The more power we claim, the more we can shape our world. My parents always told me I could do whatever I wanted, as long as I was prepared to accept the consequences, so I should try to find out what the consequences would probably be. I discovered that most choices don’t really have any consequences, because not only do they not bother anyone else, other people won’t even notice. Nobody cares what color of clothing I wear, what music I play on my headphones, what I read… When I make a rule like “don’t discuss post-Industrial politics at my dinner table,” people are bemused, but they accept it. When I decided to run a marathon, I signed up and trained and did it. Nobody tried to stop me. When I decided to self-publish a book, I did it, and I didn’t have to ask for permission. Same with my website – I didn’t have to fill out an application or get a permit. I just did it. As time went by, I realized that nobody who is close to me is really ever surprised by anything I choose to do, because I am now a doer of things.
Don’t put up with half a life. Don’t trudge through your days. Don’t let anyone be mean to you. Don’t listen to naysayers or rude people. Don’t tolerate depressing situations. Stand up and say what you want. Take action on things that are important to you. Make things that you want to make. Make your career, make your financial security, make your body, make your physical environment, make your relationships. Make everything the way you want it. You don’t need permission because all that power is already yours.
My niece is still a picky eater. I was, too, and I didn’t start to turn it around until I moved into my own apartment. Nothing magical happened in my case; I responded to peer pressure, a new ideology, and the necessity of learning to cook for myself. I thought I would help my niece, one Questioner to another, to explore this issue of resisting most foods. I had recently seen her eat a dinner of nothing but potatoes and cake, and she’s old enough now, at 10, to start learning to eat in a way that works for the long term.
We were eating my Mexican casserole, a crowd-pleasing dish. It’s so good that on more than one occasion, someone has emailed me days later asking for the recipe. Teenagers inhale it. Most people eat seconds. My niece and a 6-year-old picky boy have been the only people who didn’t like it.
Niece: [picking at plate, making a disgusted face and grumbling something about tomatoes]
Me: The last time I made this, you complained about the onions and I left them out this time, just for you. What do you like to eat?
Me: Pizza? Soup? Cookies? There must be something. What’s your favorite?
Niece: I don’t know.
Me: What’s the worst thing that would happen if you put something in your mouth that didn’t taste good?
Niece: [immediately] You’d throw up.
Me: And then what? What’s the worst thing that would happen if you threw up? Would it catch on fire?
Niece: [laughing] Nooo!
Me: Would your head explode?
Niece: [laughing] No.
Me: Being able to make yourself eat things that aren’t your favorite is a super power.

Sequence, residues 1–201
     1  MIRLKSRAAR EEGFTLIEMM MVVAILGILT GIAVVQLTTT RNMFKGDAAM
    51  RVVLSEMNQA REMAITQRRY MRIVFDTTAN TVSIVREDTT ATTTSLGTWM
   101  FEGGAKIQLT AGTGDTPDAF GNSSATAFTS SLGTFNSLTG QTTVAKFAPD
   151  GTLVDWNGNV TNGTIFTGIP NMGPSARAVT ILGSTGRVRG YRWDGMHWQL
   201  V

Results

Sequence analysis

Picky eating is sad and limiting. I know some extreme picky eaters who haven’t been able to conquer the problem as adults, and it can be socially embarrassing. It can also lead to health problems. I was fortunate in two ways: I learned to fight my gag reflex as a child when we were too poor to afford much, and I learned that I can force myself to eat things if my rational mind tells me I should. That’s how I found out that eventually, things that started out tasting nasty and gross can and will taste delicious. It takes repeated attempts and preparing them in various ways.
I am still picky in some ways. Basically anything that even resembles anything I ate during a particular period of my life is a downer for me. I don’t even want to look at a picture of macaroni and cheese. I don’t cook with spaghetti or macaroni noodles, even in completely different dishes like soup. Arguably, it tastes exactly the same, but I use other shapes. The only comfort food I still like from childhood is tater tots. My ex-husband, an excellent cook, made a meal once that was reminiscent to me of a particular tuna casserole recipe. The only ingredient they had in common was dill, which I love. It wasn’t a casserole, it didn’t have tuna, it didn’t have noodles, it wasn’t even the same color. Somehow, it reminded me of this other dish, and I couldn’t eat it. I still wonder what was going on there. Was I suppressing some anxiety about our marriage? Was my immune system fighting off something that day? What’s different now is that I would have cheerfully forced down the weird dish, thanked him for making dinner, and maybe brought home a new cookbook. My picky, irrational feelings about a food are nobody’s business but my own, and I’m sorry I was rude to my ex.
Of course, another valid solution is to take over the meal planning. Grabbing the ladle and cooking for others can be a sneaky way of providing for your own picky pickle-ness.
There are SO many factors that could objectively play a part in picky eating. I think it’s almost entirely a physical, mechanical, or chemical issue, and only partly an issue of psychology. Obviously, the sensation of disgust that makes us gag or spit things out is a survival trait. When we open a container of moldy leftovers, and the sight of blue spores makes us gag, that’s biology’s way of telling us DO NOT PUT THAT IN YOUR MOUTH. What is going on, though, when we feel disgust at the sight, taste, and texture of fresh, healthy foods?